Stuff is everywhere. It fills homes, work spaces and our minds. Much of it is necessary, like clothes and food, emails and light bulbs, instructions and to-do lists. Stuff.
But what happens when the “stuff” takes over? The bad stuff takes over your mind, the pointless stuff spreads round your house, and soon you are a hoarder and struggling to function without the piles and piles of stuff both protecting you from the outside and hiding what is wrong. This is the story explored by playwright, Sylvia Dow, in her latest project.
It is a rough cut performed in front of an interested audience invited to stay behind and critique what they have seen at the end of the play. The five actors hold scripts in hand as they take to the stage arranging themselves initially in a line and then with lead, Carol Ann Crawford, front and centre with the other women behind.
Crawford plays Magda (Mags), a musician suffering from post-traumatic stress disorder, following (the audience assumes) the death of her mother and the breakdown of her relationship. Her subsequent anxiety manifests itself in holding onto everything which comes through the door while her sister (Elena played by Lesley Hart), key worker (Molly Innes) and daughter (Romana Abercromby) try to help her in whatever ways they feel they can.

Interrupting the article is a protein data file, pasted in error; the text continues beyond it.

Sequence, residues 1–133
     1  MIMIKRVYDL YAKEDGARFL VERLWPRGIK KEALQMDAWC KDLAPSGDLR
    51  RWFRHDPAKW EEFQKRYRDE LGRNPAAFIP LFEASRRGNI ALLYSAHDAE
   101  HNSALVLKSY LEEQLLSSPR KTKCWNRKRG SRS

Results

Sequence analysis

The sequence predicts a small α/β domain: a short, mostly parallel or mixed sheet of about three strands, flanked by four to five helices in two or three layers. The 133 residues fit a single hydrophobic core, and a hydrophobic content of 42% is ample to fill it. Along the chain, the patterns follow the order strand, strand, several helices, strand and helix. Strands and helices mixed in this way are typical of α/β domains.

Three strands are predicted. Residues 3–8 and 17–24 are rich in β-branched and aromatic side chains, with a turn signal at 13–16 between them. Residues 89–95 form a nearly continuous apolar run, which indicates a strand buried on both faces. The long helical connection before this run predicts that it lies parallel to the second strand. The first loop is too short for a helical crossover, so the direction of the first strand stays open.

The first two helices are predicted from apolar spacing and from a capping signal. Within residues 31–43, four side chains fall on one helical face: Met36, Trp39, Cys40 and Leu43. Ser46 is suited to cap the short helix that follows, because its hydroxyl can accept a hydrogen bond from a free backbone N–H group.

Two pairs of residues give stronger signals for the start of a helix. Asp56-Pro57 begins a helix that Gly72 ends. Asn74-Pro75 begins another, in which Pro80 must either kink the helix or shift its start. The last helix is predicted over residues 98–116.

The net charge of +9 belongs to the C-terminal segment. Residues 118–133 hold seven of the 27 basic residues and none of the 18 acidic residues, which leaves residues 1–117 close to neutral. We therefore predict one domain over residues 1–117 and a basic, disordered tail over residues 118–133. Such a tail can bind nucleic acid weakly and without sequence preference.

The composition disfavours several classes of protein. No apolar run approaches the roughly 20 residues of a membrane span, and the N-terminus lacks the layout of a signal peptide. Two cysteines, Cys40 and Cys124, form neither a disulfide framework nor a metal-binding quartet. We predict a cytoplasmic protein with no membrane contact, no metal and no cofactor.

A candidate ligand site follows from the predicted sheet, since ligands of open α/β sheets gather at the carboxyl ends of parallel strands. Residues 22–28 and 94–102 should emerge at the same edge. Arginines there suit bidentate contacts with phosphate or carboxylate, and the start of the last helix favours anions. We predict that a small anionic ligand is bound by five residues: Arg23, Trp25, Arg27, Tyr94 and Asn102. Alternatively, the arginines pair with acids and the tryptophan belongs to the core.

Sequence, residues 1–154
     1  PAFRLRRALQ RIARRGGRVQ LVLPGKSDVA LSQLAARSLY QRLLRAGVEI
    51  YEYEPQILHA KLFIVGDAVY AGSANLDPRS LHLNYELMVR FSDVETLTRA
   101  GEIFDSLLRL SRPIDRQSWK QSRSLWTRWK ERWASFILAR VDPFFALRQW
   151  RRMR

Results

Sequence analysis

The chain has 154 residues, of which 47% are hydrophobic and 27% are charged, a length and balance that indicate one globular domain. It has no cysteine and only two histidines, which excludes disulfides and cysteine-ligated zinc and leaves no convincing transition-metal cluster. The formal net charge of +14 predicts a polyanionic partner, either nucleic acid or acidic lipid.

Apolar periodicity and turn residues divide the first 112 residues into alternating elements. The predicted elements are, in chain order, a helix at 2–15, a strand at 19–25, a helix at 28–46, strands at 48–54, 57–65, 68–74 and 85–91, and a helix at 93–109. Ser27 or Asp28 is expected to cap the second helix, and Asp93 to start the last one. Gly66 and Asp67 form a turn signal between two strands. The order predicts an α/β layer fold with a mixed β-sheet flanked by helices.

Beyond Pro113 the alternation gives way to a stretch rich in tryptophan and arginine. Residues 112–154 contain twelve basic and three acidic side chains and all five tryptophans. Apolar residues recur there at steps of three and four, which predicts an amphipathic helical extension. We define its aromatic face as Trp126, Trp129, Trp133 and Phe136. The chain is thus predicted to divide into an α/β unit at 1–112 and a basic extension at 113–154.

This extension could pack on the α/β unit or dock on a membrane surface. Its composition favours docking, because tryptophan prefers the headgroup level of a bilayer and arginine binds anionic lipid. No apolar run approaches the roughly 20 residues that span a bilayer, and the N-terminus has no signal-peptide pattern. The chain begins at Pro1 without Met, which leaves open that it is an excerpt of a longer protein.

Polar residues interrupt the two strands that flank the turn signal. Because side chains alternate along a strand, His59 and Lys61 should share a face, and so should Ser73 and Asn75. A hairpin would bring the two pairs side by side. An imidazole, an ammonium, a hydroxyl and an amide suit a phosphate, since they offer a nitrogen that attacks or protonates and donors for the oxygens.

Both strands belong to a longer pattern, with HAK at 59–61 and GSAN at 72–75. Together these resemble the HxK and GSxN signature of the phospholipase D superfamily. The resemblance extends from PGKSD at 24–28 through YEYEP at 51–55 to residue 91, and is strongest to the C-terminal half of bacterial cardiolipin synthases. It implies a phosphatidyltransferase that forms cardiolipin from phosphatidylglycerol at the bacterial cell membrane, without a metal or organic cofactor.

The final member of the cast is singer Rosemary Nairne, who plays Magda’s mother and sings beautifully haunting operatic numbers throughout the show, each causing Mags more and more distress.
Stuff is a work in progress and a number of comments and questions are posed at the end for Dow to consider as the work develops. How long have mother and daughter been estranged for example? Could more be made of the Croatian doll? Where is Elena?
Given the obvious thought and research that have already gone into this wonderfully performed piece it is exciting to think where Dow may take it from here…